Reports of bizarre Wizard of Oz-like weather over Lake Michigan are touching down all over the Internet.
This past weekend, up to nine twisters were sighted over the lake. But they weren’t traditional tornadoes; they were waterspouts.
Waterspouts are most common in warm tropical ocean water, and have been documented extensively in the Atlantic Ocean, especially around the Florida Keys. But they are not unheard of in the Great Lakes region.
The funnels form when large, cool air masses move in over warmer surface waters and cause an updraft.
Could the warming that researchers and locals are seeing around the Great Lakes this year mean more waterspouts?
“The Great Lakes warmed faster [this year] than usually because of warmer air temperatures and drier conditions,” National Weather Service meteorologist Stephen Brueske told Water Currents. Less cloud coverage this year meant that there was more direct sun heating the water, he added.
Because of the heat wave that hammered the nation this spring and summer, the Great Lakes are approaching the warmest they’ve been in a century, reports Climate Central. Monitoring stations in Lake Michigan that normally see average water temps in early July at just over 60 degrees Fahrenheit clocked 80 degrees on July 6, 2012.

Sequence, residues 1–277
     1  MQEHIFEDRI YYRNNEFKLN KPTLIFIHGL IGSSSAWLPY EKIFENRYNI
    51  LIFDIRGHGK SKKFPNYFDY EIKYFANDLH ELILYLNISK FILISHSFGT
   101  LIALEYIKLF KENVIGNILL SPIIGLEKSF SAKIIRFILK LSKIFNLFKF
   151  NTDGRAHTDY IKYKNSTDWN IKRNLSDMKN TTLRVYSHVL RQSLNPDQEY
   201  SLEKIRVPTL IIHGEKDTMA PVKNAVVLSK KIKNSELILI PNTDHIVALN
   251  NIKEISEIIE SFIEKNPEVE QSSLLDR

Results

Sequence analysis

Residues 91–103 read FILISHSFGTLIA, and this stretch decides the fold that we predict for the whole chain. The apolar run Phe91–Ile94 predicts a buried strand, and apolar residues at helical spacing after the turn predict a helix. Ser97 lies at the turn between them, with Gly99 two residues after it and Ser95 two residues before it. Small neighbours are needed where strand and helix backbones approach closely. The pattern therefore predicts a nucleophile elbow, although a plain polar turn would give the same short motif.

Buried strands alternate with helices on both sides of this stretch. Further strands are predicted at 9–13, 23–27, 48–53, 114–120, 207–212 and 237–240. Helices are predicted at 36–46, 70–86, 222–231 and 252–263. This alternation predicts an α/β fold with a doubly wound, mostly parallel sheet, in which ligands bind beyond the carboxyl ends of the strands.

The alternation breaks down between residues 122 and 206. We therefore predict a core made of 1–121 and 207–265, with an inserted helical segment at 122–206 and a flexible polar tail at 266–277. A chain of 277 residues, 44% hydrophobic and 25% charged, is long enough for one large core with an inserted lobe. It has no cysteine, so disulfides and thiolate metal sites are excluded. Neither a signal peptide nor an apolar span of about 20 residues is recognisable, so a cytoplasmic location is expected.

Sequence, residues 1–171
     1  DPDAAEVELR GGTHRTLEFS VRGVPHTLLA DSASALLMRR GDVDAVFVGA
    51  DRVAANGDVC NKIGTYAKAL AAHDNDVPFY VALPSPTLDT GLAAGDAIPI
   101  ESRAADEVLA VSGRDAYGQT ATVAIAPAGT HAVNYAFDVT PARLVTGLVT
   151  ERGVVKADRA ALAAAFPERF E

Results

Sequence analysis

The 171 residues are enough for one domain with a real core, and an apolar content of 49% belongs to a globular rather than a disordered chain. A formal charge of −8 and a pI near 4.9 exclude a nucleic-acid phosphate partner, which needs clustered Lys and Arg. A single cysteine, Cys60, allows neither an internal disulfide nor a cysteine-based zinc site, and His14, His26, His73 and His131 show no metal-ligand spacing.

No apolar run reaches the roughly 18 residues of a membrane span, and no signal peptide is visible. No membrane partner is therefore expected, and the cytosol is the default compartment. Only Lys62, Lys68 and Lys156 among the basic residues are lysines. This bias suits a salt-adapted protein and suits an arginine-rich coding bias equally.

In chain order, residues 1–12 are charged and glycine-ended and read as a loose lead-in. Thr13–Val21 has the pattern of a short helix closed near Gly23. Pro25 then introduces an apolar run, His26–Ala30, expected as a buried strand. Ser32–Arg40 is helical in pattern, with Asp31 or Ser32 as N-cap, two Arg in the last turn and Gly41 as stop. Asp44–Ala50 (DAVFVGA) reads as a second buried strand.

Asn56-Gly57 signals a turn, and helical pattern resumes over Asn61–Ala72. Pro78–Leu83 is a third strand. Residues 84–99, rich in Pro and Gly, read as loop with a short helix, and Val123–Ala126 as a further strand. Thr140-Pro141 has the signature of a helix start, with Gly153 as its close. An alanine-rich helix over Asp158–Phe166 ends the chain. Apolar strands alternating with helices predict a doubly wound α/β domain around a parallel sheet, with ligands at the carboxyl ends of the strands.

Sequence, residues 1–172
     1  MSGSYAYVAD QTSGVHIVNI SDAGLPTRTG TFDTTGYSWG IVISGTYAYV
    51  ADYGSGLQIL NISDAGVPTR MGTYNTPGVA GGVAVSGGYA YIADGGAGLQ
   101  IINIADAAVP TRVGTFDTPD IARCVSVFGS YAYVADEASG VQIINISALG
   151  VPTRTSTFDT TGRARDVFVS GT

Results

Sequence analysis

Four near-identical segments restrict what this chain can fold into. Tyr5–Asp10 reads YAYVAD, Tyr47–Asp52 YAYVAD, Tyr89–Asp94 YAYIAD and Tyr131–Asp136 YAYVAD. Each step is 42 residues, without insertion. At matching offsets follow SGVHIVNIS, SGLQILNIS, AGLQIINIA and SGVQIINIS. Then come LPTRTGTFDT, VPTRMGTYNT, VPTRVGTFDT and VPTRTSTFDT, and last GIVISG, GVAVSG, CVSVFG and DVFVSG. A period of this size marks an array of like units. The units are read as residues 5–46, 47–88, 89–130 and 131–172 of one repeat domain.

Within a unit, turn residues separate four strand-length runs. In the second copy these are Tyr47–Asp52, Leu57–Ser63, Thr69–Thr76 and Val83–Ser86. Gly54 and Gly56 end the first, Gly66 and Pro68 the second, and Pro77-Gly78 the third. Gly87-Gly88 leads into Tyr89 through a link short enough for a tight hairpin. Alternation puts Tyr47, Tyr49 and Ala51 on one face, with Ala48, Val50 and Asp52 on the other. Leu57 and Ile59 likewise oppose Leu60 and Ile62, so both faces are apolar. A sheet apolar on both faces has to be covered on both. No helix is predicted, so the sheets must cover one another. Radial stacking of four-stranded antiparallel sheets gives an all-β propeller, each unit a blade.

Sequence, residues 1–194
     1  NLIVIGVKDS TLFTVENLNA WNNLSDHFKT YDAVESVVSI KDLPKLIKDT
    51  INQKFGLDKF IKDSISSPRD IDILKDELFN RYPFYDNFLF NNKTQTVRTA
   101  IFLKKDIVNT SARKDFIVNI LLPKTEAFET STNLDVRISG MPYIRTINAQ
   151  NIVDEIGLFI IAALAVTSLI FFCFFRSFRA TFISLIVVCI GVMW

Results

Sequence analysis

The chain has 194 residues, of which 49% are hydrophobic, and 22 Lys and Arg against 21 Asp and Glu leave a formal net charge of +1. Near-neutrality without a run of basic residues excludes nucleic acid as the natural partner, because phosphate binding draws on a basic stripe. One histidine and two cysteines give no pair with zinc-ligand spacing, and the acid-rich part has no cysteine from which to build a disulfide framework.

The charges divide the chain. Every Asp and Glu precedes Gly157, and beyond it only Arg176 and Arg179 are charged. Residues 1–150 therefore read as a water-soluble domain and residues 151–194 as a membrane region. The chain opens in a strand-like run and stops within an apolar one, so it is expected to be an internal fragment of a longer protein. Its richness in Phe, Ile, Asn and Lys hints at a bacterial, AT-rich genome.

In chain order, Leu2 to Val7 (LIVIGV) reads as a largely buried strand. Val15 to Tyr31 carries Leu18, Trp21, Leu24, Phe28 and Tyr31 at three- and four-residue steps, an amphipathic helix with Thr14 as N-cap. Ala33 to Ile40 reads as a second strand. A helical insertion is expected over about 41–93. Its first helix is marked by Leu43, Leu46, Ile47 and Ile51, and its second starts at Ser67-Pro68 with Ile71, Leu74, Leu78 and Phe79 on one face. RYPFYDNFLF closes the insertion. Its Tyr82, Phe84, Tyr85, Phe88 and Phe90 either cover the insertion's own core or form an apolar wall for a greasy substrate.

Rains that are almost biblical, heat waves that don’t end, tornadoes that strike in savage swarms—there’s been a change in the weather lately. What’s going on? Find out in the September issue of National Geographic magazine.
Saturday’s spouts were documented by a storm-chasing freighter captain (See video posted on MSN). And the National Weather Service’s Brueske believes we may see more in 2012. The hotter-than-average summer helps, but waterspouts are fairly common this time of year regardless, he explained. “The lake has had all summer to warm, and colder air aloft is more likely to move over the waters as summer ends and fall approaches.”
What could account for an increase in waterspout sightings? “More people with camera phones and enthusiasts who like to share their photos help advertise this interesting phenomena,” Brueske said.
There are two types of waterspouts: tornadic and fair-weather.
Tornadic waterspouts start over land and migrate to water. While fair-weather spouts originate over open water. Unlike tornadoes, waterspouts have a vortex that is created from the ground, or water, up. Fair-weather waterspouts tend to be smaller, and less powerful, but both can usher in high winds, hail, and lightning.
So, spouts are to be feared… a little. National Weather Service Meteorologist Jim Maczko told reporters in July that waterspouts often reach up to 40 to 60 miles per hour. And the National Oceanic and Atmospheric Administration (NOAA) warns that boats have been overturned and large ships damaged